To appreciate this 4th down conversion and TD you have to go back to the previous play. On 3rd down and 4 yards to go, Blake Corum ran for 3 yards to set up 4th and 1.

It’s important to note that Maryland has 3 timeouts remaining while Michigan has 1.
It seems that the Maryland defenders are expecting a timeout, but instead Michigan quickly sets up to attempt the 4th down conversion.

The Maryland defense is misaligned. They should have called timeout.

Their strength is away from Blake Corum- there’s no need to protect the wide side of the field away from him on 4th and short.

Let’s take a look from Corum’s perspective:

Michigan has the advantage formation wise but there’s no indication (yet) that this play is going to end up in the endzone.

But things go bad for Maryland after the snap of the ball, when their defenders collapse to stop an anticipated short dive for the first down.

Maryland safety #25 breaks in and away from Corum’s side of the field and #8 Ronnie Bell executes a great block on Maryland defensive back #4.

There’s nobody left to account for Blake Corum, who seeing the pile-up ahead of him bounces outside and scampers for a 33 yard 4th down conversion touchdown.

Blake Corum on his 33 yard TD run vs Maryland 2022
Blake Corum and JJ McCarthy describe what a happened on the 4th Down conversion that went for a TD

Michigan makes the extra point and heads into halftime leading 17-10 after being outplayed by Maryland for most of the first half.

This play is a great example of multiple defensive failures leading to a huge play for Michigan.

  • Maryland did not anticipate Michigan’s quick 4th down play call.
  • Maryland’s defense did not align correctly for the 4th down.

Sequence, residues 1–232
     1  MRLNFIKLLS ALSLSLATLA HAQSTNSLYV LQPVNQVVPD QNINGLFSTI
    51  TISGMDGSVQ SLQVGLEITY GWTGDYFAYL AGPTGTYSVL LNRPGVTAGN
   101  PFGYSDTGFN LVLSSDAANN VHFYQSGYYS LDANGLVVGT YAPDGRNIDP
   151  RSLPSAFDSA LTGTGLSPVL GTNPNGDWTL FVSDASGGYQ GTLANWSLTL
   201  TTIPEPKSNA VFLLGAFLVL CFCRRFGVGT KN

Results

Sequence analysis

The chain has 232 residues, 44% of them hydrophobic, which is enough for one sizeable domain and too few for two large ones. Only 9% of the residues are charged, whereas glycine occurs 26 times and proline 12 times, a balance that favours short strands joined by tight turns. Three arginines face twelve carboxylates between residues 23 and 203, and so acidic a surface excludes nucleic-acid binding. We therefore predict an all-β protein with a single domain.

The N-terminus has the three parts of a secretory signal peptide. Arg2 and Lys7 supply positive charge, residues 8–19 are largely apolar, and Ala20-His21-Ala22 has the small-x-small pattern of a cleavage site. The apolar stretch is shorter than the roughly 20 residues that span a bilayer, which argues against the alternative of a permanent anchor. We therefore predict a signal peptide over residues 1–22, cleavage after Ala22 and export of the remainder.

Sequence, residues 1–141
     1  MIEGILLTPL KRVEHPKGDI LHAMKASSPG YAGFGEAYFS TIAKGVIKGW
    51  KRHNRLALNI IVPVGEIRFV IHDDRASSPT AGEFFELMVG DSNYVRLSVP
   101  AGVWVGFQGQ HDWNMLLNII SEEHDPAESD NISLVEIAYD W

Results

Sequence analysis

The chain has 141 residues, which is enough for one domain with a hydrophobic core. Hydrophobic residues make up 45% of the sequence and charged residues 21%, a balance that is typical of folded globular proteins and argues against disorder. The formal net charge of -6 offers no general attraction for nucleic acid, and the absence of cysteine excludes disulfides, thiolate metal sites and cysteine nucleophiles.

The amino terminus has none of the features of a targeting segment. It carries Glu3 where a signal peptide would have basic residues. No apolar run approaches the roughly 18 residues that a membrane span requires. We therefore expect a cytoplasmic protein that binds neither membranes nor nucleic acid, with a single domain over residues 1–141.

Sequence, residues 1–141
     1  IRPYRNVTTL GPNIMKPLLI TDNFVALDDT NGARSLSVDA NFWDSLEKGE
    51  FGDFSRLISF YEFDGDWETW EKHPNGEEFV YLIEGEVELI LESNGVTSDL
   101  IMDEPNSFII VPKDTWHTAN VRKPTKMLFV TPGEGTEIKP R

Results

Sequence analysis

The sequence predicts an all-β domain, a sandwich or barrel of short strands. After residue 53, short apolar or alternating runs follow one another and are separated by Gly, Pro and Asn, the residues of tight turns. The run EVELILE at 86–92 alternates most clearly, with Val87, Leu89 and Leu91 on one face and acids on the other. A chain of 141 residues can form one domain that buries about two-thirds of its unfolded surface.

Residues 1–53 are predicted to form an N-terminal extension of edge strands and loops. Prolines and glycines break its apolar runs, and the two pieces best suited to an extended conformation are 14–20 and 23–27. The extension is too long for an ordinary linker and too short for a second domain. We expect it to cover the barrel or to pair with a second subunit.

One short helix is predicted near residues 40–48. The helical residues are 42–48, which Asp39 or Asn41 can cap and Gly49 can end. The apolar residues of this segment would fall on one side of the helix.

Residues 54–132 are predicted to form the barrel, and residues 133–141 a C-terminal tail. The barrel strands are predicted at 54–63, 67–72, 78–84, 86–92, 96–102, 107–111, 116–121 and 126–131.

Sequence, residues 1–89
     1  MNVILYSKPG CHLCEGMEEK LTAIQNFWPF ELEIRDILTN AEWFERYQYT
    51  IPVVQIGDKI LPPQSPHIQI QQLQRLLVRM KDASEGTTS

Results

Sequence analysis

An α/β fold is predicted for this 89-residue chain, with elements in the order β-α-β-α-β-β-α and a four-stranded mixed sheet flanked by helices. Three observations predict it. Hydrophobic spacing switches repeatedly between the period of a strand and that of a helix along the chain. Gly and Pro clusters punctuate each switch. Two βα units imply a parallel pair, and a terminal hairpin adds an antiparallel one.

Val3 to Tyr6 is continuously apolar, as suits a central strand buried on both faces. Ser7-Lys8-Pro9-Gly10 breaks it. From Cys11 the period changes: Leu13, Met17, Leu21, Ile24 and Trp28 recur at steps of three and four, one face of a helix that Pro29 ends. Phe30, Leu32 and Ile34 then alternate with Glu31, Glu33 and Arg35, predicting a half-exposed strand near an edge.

• Maryland didn’t call time-out to properly prepare for the 4th down play.
  • Maryland’s left side end crashed in, leaving a lane for Blake Corum to run.
  • Maryland’s safety took himself out of the play by stepping in and away from Corum’s side of the field.

2021 Michigan Football — Playbook — Hand-Off — JJ McCarthy to Blake Corum

Let’s break down Michigan’s first touchdown in the Big Ten Championship versus Iowa.

Blake Corum had a blistering 67 yard touchdown run (with a little help from QB J.J McCarthy) that maybe would have been stopped if not for some blown assignments on the Iowa defense.

Blake Corum describes what he saw during the play


The Michigan offense lines up in the pistol formation on the right hashmark with QB #9 J.J. McCarthy and RB #2 Blake Corum in the backfield. WR #5 Mike Sainristil goes in motion from the left side of formation.

Michigan is targeting the right side of the Iowa defense, pre-snap there are good gaps for a running play and bringing WR #5 Mike Sainristil brings an extra blocker to the point of attack.


#2 Blake Corum takes the handoff from #9 J.J. McCarthy in the backfield.

Check out the Michigan offensive line- #77 Trevor Keegan and #68 Andrew Vastardis double team the Iowa down lineman in front of them, taking him out of the play. #65 Zak Zinter and #71 Andrew Steuber do the same to the down lineman in front of them.

At this point Iowa is in trouble- they have two defenders #44 and #28 to account for two Michigan players– TE #86 Luke Schoonmaker and WR #5 Mike Sainristil– and plenty of space for #2 Blake Corum to make some moves.

WR #5 Mike Sainristil comes in motion and ignores Iowa defensive end #92 as he crashes and takes himself out of the play. Sainristil heads downfield to block.

And here is where things go wrong from bad to worse for Iowa. Linebacker #44 steps up into the double team of #65 Zak Zinter and #71 Andrew Steuber taking himself out away from the point of attack. Linebacker #31 slides over and is in good position to stop Corum but inexplicably takes on #86 Luke Schoonmaker.

And Blake Corum is off to the races. Note the distance between Blake Corum and J.J. McCarthy. Now Blake had to slow down a bit to evade defenders but J.J made up an incredible amount of ground.

#Roman Wilson blocks a defender while #5 Mike Sainristil blocks for Blake Corum with J.J. McCarthy joining the attack.

#5 Mike Sainristil blocks #33.

#9 J.J. McCarthy places himself between a final Iowa defender, allowing Corum to score a touchdown.

Check out the clip below to see the entire play.